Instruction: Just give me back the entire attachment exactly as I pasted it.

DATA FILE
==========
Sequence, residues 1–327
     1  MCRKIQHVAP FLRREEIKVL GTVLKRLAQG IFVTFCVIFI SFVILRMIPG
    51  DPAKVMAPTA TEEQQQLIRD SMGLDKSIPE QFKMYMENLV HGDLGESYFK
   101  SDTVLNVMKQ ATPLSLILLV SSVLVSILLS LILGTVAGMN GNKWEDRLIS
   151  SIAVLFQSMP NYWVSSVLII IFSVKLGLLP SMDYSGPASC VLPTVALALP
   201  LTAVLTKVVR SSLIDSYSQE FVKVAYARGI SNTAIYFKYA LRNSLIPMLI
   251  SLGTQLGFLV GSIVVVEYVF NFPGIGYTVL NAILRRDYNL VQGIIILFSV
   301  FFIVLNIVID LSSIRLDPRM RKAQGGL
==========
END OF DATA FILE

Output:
Sequence, residues 1–327
     1  MCRKIQHVAP FLRREEIKVL GTVLKRLAQG IFVTFCVIFI SFVILRMIPG
    51  DPAKVMAPTA TEEQQQLIRD SMGLDKSIPE QFKMYMENLV HGDLGESYFK
   101  SDTVLNVMKQ ATPLSLILLV SSVLVSILLS LILGTVAGMN GNKWEDRLIS
   151  SIAVLFQSMP NYWVSSVLII IFSVKLGLLP SMDYSGPASC VLPTVALALP
   201  LTAVLTKVVR SSLIDSYSQE FVKVAYARGI SNTAIYFKYA LRNSLIPMLI
   251  SLGTQLGFLV GSIVVVEYVF NFPGIGYTVL NAILRRDYNL VQGIIILFSV
   301  FFIVLNIVID LSSIRLDPRM RKAQGGL